Process Excellence Success: More Art than Science

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Process excellence is becoming an umbrella phrase to describe the set of improvement methods such as Lean, Six Sigma, Lean Six Sigma, Business Process Reengineering, and technology driven BPM with the objective of improving operational performance. There has been a great deal of attention dedicated to the science of deploying each of these various improvement methods. Indeed, these methods of improvement have become increasingly codified and even commoditized. Much less attention has been focused on the art of succeeding with process excellence.

Yet, success in process excellence is arguably more art than science. In working with organizations over the past two decades on major process improvement projects, I’ve observed that the majority of challenges have to do with factors such as lack of committed leadership, shifting priorities, inconsistent communication, lack of prompt action in removing obstacles to change and a failure to recognize and celebrate accomplishments. A rigorous methodology may help in mitigating these challenges, but the art of deploying process excellence is even more important.

Regardless of the selected method of process improvement, success involves at least the following five generic activities:

  1. Choose where to focus improvement efforts
  2. Set clear goals   
  3. Monitor progress in analysis and design
  4. Implement
  5. Institutionalize changes

This article will address how the art of process excellence applies to each of these areas.Focusing improvement efforts.Organizations appear to use different methods of deciding where to focus improvement efforts. Some companies simply act to remove a point of pain. Others use a model driven approach relying on reference frameworks such as those developed by APQC or the Value Chain Group. Some companies apply methods such as Value Stream mapping.

Regardless of the method used to decide where to focus improvement efforts (the method is the science part), the art of choosing where to focus improvement efforts involves making decisions on the following three factors. It’s important to choose a project with high visibility, where the benefits are significant and the odds of success are high. It’s essential to assure that the leaders of the departments touched by the selected process actively commit to the improvement effort. It’s also critical to estimate the organization’s capacity to absorb change. Doing this is more art than science.

Setting clear goals.

All improvement projects need to be goal driven. There are methods to assure that project goals are observable and measureable. Setting goals that are both achievable and yet aggressive is as much an art as it is a science. So is the selection of the very best people to participate on the project team, crafting a compelling case for change and the creation of broad based communication of project goals to inform and engage the organization.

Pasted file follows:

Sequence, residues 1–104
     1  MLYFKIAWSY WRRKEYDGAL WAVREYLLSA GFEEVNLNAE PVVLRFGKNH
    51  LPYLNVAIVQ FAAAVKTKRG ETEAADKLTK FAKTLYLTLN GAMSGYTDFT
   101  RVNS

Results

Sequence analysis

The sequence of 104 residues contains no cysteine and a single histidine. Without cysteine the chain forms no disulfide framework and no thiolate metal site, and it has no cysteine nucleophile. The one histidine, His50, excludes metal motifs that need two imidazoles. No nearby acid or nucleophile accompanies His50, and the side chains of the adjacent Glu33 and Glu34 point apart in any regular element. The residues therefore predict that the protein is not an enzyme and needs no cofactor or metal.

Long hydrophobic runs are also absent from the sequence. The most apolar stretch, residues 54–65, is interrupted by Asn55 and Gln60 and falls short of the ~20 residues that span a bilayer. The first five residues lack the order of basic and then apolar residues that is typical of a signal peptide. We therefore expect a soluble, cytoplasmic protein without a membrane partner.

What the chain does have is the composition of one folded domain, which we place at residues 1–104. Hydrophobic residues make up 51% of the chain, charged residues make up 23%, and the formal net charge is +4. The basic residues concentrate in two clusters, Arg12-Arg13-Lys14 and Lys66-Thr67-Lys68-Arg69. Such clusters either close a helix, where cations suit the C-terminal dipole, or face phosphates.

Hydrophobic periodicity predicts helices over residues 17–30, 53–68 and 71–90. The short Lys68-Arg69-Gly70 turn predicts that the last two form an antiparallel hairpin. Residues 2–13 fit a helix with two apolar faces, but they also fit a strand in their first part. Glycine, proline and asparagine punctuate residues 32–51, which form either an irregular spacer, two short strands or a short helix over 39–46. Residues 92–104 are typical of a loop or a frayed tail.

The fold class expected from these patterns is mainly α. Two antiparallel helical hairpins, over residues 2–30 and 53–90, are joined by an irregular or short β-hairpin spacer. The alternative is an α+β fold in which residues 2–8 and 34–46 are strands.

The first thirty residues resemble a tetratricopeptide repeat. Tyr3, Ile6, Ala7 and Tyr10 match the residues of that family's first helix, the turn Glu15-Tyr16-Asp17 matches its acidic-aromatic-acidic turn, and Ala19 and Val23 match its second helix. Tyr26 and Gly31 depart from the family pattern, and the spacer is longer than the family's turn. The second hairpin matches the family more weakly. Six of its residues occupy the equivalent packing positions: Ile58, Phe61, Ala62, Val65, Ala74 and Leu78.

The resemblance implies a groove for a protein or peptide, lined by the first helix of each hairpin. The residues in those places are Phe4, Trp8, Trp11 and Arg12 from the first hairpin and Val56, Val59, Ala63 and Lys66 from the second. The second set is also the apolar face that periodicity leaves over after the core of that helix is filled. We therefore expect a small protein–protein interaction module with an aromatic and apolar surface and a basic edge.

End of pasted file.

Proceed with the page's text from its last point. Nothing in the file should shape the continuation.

Monitoring progress.

Each of the various improvement approaches has a method to monitor progress. Some rely on a champion and others use steering teams. The typical milestones for review occur at the end of an analysis phase, then at the end of a design phase, and throughout implementation. However, there are elements in monitoring project progress that are as much art as science. The right pacing to maintain momentum is one of these. Taking prompt action to capture quick wins is another and taking the action needed to continue to engage leadership throughout and avoid shifting priorities is a third.

Implementation.

The method for managing a project from design through to successful implementation has been thoroughly codified. Education and certification in the methods and standards are widely available. The field of change management is gradually evolving with education on standards and methods. So why is it that so many organizations fail to deliver projects on time and on budget? Many companies have not yet mastered the art of breaking down mega projects into ones of smaller size, complexity and duration. Nor have they mastered the art of removing obstacles to change, and they only periodically remember to recognize and celebrate accomplishments. These essential tactics require the regular and active engagement of the leadership team who act collectively to achieve a common goal. 

Institutionalization.

Institutionalizing process change for sustained performance improvement is where the rubber hits the road. There is ample room here not only for better, more broadly and uniformly understood methods as well as a greater appreciation of the subtle art in sustaining the benefits of process change. Assuring that customer focused metrics become part of leadership’s scorecard, aligning rewards and recognition systems with desired value creating outcomes, establishing the needed governance for sustained attention to process, and shifting organization culture such that managers stress the management of the interaction of their unit with other units within and outside the company are just a few of the critical elements in the art of a transformational effort.

In 1993, Hammer and Champy wrote in Reengineering the Corporation that "The technical problems are the easy problems... the soft stuff is the hard stuff." Major advances in technology and in various process improvement methods have been made since then, but we have made much less progress in the art of process excellence. The proliferation and codification of the various improvement methods and those process improvement professionals, who dogmatically emphasize methods over results, are partly to blame.

The art of process excellence is learned mainly through experience and attention to the soft stuff.

Readers are invited to contact the author for practical guidance related to their specific situation.

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